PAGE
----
Criticism—effective, conscientious criticism—is not simply a means of informing the reading public about the availability of books. It is vital to the integrity and advancement of writers as well as of the literary form in which they work... traditionally [horror fiction] has found its best critics within the ranks of its working writers, as attested by H.P. Lovecraft's Supernatural Horror in Literature and Stephen King's Danse Macabre.
The Delicate Dependency is disappointing?!). Stephen King contributes a short review of Red Dragon, praising the novel's "raw, grisly power" and laments the fact that "serious critics" won't deign to review such a work of suspense, even though "the best popular fiction can combine art with nearly devastating insights into The Way We Live Now."
Karl Edward Wagner takes a look at "an original visionary," Dennis Etchison and his outstanding collection The Dark Country. Jack Sullivan covers Ramsey Campbell's short fiction, noting his "uncompromising bleakness" and "compression and intensity" as he moved from Cthulhu Mythos tales to his own "fragmented, jagged" psychological horror. Charles L. Grant reviews Peter Straub's Shadowland, Alan Ryan reviews titles by Charles L. Grant, Michael McDowell, and Thomas Tessier, Winter himself talks to David Morrell about the part violence plays in fiction, while others like Chelsea Quinn Yarbro, John Coyne, and Suzy McKee Charnas also weigh in (no one more perceptively than Etchison, however: "I submit that death, like anything else in art, may be used as a symbol"). Also included are several essays on "modern" horror films, Cronenberg, Creepshow, et. al. All this and more!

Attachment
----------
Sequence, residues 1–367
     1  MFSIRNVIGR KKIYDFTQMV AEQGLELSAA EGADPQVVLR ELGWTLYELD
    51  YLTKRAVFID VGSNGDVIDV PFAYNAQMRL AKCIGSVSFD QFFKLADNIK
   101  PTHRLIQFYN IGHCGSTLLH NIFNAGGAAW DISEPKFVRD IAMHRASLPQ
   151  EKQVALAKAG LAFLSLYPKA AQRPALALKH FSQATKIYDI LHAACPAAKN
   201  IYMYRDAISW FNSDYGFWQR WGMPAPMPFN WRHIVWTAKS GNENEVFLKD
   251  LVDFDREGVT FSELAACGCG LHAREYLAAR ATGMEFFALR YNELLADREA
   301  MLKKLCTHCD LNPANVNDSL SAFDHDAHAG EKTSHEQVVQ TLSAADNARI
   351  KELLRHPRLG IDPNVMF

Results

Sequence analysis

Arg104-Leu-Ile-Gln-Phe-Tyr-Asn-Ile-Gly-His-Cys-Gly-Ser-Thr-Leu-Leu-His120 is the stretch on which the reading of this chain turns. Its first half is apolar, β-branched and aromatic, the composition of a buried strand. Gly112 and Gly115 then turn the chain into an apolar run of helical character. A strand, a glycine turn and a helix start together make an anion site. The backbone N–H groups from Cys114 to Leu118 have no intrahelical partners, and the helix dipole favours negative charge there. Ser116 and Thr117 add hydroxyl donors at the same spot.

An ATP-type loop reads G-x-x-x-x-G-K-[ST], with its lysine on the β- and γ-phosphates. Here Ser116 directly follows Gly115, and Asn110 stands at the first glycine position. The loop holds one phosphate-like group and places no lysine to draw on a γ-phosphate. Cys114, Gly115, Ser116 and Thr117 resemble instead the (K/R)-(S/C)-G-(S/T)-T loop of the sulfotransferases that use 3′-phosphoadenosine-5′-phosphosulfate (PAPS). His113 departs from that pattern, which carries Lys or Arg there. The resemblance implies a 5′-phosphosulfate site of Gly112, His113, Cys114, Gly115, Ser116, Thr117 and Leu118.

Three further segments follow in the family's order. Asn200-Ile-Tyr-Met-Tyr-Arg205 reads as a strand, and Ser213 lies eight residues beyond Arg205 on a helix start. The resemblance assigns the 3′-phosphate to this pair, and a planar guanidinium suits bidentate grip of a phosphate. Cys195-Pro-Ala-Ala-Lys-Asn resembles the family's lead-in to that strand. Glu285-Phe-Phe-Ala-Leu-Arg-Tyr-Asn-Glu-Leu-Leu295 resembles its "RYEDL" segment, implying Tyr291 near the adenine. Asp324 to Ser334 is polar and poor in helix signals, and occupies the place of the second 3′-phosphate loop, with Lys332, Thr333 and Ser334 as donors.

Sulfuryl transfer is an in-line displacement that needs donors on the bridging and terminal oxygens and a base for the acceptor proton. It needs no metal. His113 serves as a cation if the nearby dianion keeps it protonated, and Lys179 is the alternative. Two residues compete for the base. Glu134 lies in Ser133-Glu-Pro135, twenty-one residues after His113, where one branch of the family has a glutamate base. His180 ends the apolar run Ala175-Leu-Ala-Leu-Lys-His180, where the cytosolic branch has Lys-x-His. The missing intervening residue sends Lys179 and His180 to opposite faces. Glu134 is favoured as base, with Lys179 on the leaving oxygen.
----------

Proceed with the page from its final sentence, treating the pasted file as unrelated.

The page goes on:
Douglas Winter, 1985
One can find copies of Shadowings online for around $10, which is what I paid for it; I'd say it's worth the sawbuck for an in-depth tour through early '80s horror at ground zero, back when Stephen King had published novels that numbered in the single digits and nobody yet, no matter what they thought, had seen the future of horror. Also: dig that typeset!